The Land of Mystery eBook

This eBook from the Gutenberg Project consists of approximately 188 pages of information about The Land of Mystery.

It was only a few minutes later that Ziffak halted, his friends immediately doing the same.

The cause was apparent:  they had reached the dwelling place of Haffgo king of the Murhapas.

CHAPTER XXI.

HAFFGO, KING OF THE MURHAPAS.

It was a memorable interview which the explorers held with Haffgo, king of the mighty Murhapas.

Since Bippo and Pedros were servants, they were not admitted to an audience with the potentate.  Ziffak conducted the others into the hut adjoining the palace.  This was his own building, where his aged mother had charge.  She understood matters from her son, and the frightened fellows were made to feel that they were safe for a time from the annoyances and persecutions of the multitude.

The apartment was an oblong one, being at the front, and was characteristically furnished.  Instead of the smooth bare ground which formed the floors of the other buildings, the palace was entirely covered with the skins of wild animals, gaudily stained.  The whole looked like a gorgeous, oriental carpet, which was as soft as down to the tread.

There were no chairs or benches for auditors, for no one presumed to sit in the presence of majesty.  The walls were hung with the same species of ornamented furs, set off here and there by spears, bows and arrows, arranged in fantastic fashion.

At the further end of the apartment, was a platform several feet high, with a broad seat, covered with still more brilliant peltries, a footstool, and on each side a vase of magnificent flowers.  These vases were of native manufacture, beautifully ornamented, while the flowers were of a radiant loveliness, such as are seen nowhere outside of tropical countries.  Their delicious fragrance filled the apartment and affected the strangers the moment the blanket was pulled aside by Ziffak and they stepped within the royal reception room.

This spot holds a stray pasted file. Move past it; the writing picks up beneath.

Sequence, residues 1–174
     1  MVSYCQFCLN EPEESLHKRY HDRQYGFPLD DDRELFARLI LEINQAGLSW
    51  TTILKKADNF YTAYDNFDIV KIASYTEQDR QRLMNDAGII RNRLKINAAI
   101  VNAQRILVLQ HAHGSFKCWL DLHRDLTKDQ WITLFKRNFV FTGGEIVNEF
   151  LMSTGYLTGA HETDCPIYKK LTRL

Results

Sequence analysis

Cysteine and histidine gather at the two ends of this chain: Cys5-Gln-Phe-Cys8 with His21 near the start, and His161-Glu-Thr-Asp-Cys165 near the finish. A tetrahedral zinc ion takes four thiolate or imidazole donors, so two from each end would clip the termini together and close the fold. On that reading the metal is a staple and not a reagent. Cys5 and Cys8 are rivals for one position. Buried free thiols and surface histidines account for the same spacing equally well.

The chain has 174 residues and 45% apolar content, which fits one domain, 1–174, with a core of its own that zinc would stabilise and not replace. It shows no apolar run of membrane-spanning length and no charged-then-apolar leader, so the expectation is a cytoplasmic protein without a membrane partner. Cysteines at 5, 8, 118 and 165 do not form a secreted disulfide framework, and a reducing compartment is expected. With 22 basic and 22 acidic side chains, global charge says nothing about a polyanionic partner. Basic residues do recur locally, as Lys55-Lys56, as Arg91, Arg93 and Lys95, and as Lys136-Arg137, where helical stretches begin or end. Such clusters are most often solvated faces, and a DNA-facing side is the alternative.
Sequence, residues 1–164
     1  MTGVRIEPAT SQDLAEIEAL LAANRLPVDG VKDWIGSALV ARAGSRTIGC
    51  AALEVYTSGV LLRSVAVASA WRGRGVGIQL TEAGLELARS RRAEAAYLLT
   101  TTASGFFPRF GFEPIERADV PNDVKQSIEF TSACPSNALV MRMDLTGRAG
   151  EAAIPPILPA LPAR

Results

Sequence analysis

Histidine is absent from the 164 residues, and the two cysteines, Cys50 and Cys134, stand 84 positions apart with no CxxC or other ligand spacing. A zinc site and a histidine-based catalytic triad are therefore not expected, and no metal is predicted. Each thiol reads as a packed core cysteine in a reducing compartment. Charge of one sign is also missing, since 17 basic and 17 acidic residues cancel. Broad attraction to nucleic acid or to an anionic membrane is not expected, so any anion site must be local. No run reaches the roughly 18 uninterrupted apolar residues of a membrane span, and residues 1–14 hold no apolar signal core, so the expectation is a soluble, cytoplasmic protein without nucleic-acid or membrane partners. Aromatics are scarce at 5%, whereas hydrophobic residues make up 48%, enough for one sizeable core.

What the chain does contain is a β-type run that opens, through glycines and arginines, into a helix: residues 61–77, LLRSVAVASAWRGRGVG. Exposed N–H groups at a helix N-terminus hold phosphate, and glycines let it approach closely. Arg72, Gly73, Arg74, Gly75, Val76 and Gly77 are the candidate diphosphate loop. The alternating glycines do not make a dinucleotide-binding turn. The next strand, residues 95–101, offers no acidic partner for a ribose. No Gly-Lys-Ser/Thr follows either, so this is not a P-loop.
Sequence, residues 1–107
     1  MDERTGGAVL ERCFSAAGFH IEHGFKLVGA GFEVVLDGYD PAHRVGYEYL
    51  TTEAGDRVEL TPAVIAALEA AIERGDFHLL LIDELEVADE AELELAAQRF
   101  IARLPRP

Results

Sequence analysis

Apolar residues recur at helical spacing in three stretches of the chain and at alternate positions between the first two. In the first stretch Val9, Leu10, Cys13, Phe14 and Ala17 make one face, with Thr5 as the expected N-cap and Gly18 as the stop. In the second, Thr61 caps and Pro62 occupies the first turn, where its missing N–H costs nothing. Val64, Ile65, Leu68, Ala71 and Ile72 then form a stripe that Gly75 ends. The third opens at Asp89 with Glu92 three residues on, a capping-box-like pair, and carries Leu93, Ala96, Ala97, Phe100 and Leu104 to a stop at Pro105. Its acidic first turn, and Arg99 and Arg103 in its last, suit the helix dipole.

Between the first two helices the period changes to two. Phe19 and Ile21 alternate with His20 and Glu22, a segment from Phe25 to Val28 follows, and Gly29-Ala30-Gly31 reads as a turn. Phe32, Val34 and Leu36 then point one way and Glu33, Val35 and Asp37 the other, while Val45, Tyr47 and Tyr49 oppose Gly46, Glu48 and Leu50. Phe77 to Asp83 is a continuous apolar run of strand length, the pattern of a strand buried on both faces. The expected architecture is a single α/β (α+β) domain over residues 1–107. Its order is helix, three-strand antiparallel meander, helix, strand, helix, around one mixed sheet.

On each side was a broad open window, without glass, which admitted enough sunlight to flood the place with illumination.

At the right of the dais or throne, the curtains were draped so as to serve as a door for the king or any member of the royal household to enter or withdraw.

On this barbaric throne sat the extraordinary personage known as King Haffgo, ruler of the warlike Murhapas.

To say the least, his appearance was stunning, if not bewildering.

In the first place, it maybe doubted whether the intrinsic value of his crown was not the equal of any that can be found to-day in the monarchical countries of Europe, Asia or Africa.  Its foundation seemed to be a network of golden wire, in which were set scores upon scores of diamonds, weighing from five to ten carats apiece, with a central sun the equal of the great Pitt diamond.  The coruscations from these brilliants were overwhelming.  As the king moved his head while speaking, every hue of the rainbow flashed and scintillated, the rays at times seeming to dart entirely across the room.

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The Land of Mystery from Project Gutenberg. Public domain.
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